One thing I notice as a dietitian and diabetes educator is a simple truth. Whether you have had diabetes for 20 seconds or 20 years, you do not know or understand what exactly is going on with your body. If you do, you are few and far between. Your doctor may or may not have taken some time to explain the new diagnosis hanging on your neck, you may or may not have taken some time to utilize Doctor Google, OR you started taking medication/insulin without even batting an eyelash. No matter where you are now, I hope this article finds you and increases your understanding of the mountain you are currently facing, the big D.
Since I also carry a CDE credential I decided to sneak in some diabetes blogs. In this first diabetes blog I want to address the different types of diabetes, type 1, type 2, and gestational diabetes. Endocrinologists have decided there are some other types evolving, but for simplicity of this educational based post, let us stick to the basic three. I would like to insert a sarcastic moment at this point. Why do we name medical conditions in such a way no one really understands the true issue at hand? Might as well name the conditions dinosaur names, which would be just as lacking in information as to what the client or patient is now facing! Moving on.
Type 1, the insulin dependent diabetic.
You did nothing to cause this, the stats say you make up about 5% of diabetes cases, and you were hit in the face hard, fast, and young! This type of diabetes has been classified as an autoimmune disorder. For some reason or another, your body decided to attack itself. And in the case of the insulin dependent type 1 diabetic, the body destroyed the beta cells of the pancreas. So what? Well, hang tight with me and towards the end of the article I will explain just what those beta cells do for your body. Type 1 diabetic, as indicated by the name, have to take insulin to survive, “dependent”. Medications do not control the condition, only insulin controls the blood glucose (another word for sugar). The development of this type usually occurs under the age of 30, with some outlying cases of course. And can be diagnosed as young as baby/toddler years. Type 1 diabetes is a lot of why you see young children with insulin pumps, or pens, or even syringes and vials.
What a trial? Learning to manage your blood sugar at a young age. Trial for parents and children. Or if diagnosed a bit later, fumbling through a life or death condition while providing for the family. There are so many aspects of life which impact blood sugars, and a type 1 diabetic will experience it all. They have to fight the hard fight for a very long time. Insulin pumps help, but still. Can you imagine telling a teenage boy he has to manage his portion sizes? Or a teen girl her hormones are going to impact her blood sugar and there is little she can do other than dose insulin correctly? Can you imagine being at work on a forklift and realizing the stress you are going through is what is causing a massive high on your meter each day and you need to learn to cope because the amount of insulin you are burning through is difficult to purchase, even with insurance??? Makes me want to scream for you.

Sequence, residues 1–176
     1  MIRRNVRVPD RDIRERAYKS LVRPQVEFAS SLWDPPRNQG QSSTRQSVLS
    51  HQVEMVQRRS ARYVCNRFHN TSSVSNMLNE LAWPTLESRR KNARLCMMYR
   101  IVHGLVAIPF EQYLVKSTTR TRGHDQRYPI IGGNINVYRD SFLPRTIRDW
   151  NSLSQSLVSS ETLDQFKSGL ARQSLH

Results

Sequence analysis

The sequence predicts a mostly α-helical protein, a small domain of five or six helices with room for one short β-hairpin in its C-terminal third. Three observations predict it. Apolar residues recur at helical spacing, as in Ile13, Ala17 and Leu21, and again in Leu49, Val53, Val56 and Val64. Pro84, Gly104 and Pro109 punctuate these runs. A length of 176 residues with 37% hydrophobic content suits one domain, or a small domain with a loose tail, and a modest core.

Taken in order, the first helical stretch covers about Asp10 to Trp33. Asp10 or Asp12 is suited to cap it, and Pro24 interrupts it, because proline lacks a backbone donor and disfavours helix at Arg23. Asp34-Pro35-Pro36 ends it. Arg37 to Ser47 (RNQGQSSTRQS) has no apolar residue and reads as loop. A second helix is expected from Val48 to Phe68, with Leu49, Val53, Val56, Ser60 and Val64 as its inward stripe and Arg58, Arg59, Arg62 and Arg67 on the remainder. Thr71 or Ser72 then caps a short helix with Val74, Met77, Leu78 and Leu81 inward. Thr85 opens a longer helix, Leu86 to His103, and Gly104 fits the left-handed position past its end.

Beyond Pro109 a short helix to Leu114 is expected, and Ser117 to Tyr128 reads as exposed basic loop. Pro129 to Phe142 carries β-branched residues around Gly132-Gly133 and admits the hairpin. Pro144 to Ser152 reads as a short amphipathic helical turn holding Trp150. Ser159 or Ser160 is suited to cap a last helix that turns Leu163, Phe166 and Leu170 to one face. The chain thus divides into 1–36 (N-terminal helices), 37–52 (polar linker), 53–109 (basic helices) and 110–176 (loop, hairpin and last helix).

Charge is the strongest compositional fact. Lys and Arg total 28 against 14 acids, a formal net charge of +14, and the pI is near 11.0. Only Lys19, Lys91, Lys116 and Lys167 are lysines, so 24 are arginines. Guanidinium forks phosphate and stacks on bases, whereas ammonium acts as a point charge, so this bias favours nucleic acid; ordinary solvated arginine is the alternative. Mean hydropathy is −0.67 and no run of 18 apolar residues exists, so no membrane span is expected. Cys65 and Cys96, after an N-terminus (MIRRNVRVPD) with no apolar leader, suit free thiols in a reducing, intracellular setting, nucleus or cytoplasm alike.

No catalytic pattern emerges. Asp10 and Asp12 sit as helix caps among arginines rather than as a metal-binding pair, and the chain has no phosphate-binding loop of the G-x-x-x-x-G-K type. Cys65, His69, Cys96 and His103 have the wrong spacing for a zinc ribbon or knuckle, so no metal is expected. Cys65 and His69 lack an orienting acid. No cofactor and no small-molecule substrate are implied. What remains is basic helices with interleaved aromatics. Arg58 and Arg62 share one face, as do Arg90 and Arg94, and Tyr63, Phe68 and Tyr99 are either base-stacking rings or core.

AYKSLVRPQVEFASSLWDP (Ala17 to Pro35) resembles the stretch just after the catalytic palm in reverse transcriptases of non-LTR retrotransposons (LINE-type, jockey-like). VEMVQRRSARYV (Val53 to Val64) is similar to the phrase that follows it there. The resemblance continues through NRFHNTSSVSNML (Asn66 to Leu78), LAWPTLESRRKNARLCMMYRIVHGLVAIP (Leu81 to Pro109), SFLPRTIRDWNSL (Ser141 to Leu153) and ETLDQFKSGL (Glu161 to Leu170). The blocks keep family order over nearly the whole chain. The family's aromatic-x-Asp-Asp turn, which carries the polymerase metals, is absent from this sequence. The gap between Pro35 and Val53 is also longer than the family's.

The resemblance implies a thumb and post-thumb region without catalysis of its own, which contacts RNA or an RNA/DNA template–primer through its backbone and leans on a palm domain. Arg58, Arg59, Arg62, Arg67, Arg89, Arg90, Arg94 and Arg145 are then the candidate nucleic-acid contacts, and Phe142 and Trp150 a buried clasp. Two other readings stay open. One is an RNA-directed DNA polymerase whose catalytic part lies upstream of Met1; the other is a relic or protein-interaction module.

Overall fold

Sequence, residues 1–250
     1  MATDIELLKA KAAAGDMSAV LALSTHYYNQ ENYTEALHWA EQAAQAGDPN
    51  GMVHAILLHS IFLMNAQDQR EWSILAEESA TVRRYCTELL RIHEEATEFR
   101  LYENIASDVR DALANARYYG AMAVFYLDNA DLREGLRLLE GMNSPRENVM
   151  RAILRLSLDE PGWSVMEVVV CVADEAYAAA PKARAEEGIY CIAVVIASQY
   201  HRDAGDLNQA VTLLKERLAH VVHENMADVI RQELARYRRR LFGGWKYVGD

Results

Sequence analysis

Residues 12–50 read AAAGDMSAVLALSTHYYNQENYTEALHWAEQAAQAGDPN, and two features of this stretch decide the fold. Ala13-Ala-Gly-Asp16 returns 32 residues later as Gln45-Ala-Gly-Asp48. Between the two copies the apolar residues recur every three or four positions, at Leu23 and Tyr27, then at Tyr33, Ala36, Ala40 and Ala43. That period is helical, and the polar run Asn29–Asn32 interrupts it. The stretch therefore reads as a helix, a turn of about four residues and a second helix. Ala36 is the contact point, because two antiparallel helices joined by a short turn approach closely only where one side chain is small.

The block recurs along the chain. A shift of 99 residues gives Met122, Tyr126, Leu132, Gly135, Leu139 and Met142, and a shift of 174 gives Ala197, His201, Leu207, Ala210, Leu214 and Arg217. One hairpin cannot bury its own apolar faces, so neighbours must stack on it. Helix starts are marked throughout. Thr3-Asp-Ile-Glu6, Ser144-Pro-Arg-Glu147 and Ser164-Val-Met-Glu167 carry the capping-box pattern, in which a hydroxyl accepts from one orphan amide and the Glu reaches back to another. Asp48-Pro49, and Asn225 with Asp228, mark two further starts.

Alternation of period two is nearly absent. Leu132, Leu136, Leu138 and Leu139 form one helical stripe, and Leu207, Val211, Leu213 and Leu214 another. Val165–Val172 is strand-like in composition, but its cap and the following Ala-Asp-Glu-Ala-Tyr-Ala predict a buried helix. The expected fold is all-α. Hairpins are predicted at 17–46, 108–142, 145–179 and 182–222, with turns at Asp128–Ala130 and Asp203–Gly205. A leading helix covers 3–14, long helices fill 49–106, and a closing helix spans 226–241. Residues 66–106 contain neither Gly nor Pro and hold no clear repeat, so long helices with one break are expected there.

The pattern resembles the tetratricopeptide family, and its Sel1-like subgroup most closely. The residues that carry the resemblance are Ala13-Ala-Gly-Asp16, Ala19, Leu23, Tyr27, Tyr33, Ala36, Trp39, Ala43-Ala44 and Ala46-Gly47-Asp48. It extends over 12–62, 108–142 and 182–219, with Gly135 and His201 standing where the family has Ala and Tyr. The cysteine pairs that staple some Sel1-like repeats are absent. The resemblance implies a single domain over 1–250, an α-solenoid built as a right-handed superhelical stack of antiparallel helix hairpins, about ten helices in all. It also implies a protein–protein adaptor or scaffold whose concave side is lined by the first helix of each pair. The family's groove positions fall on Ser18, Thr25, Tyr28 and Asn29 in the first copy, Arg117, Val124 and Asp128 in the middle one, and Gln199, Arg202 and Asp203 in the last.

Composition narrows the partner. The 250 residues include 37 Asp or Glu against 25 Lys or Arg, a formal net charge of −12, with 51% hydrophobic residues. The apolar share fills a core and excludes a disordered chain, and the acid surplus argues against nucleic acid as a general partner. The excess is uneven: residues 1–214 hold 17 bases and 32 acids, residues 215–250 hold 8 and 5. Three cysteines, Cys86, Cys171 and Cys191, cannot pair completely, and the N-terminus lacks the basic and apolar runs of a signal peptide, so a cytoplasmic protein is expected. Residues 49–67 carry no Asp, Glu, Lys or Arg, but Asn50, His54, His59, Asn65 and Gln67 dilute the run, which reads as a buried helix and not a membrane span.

Type 2, the insulin resistant diabetic.
This type of diabetes is completely different from the what was just outlined. A type 2 diabetic is usually diagnosed a bit later in life, unfortunately, the truth now is the diagnosis is coming younger and younger. It use to be “over the age of 60” you are likely to develop type 2 diabetes, then “over the age of 50”, then 40, to now 30 years old and now even our kiddos.
Big deal you say, well let me draw the painful picture for you. Diabetes is not about the now version of self, rather, the ten to fifteen year and on version of you. The diabetes complication list is scary and long. Without proper management this PROGRESSIVE condition will bite you in the fanny!! The list begins with nerve damage and continues to heart attacks, blindness, and loss of limbs! And instead of having to fight the illness for 20-30 years as a 60 year old diagnosed, now you will have to fight it and its life altering complications for 40+ years!!! And working class folks, I don’t know about you, but health can really slow you down. I just do not have time for that, I have to provide for my family. So, now that you have a better understanding of the impact, back to the description of our current type.
As a type 2 diabetic you encompass about 95% of the current diagnosed individuals and there are what’s called modifiable and non-modifiable risk factors. See, many people will say, “oh it is in my family, so of course I have it.” Well let me put a stop to this all encompassing statement right now. Yes, if diabetes is in your family you have a genetic predisposition or likelihood to develop diabetes, BUT it does not mean you are absolutely destined to have diabetes OR it is the sole reason you developed the condition. See, you can have a genetic predisposition (non-modifiable risk factor), but you can manage the modifiable risk factors to prevent diabetes from presenting itself or at least delay the arrival to your life party. Yes, it is true. Part of this may be lifestyle. Pause. Do not shame yourself for living unhealthy, life hits and it hits hard. Coping mechanisms include all of the modifiable risk factors, and sometimes it is just too much to deal with one more aspect of life. But do realize your choices then could have impacted the now. For example, ask yourself the following questions, “Did you exercise? Did you manage your nutrition appropriately? Did you smoke? Did you drink too much?” All of these questions are the weapons in your tool belt now against diabetes and the ravishing complications (watch for future posts discussing this aspect).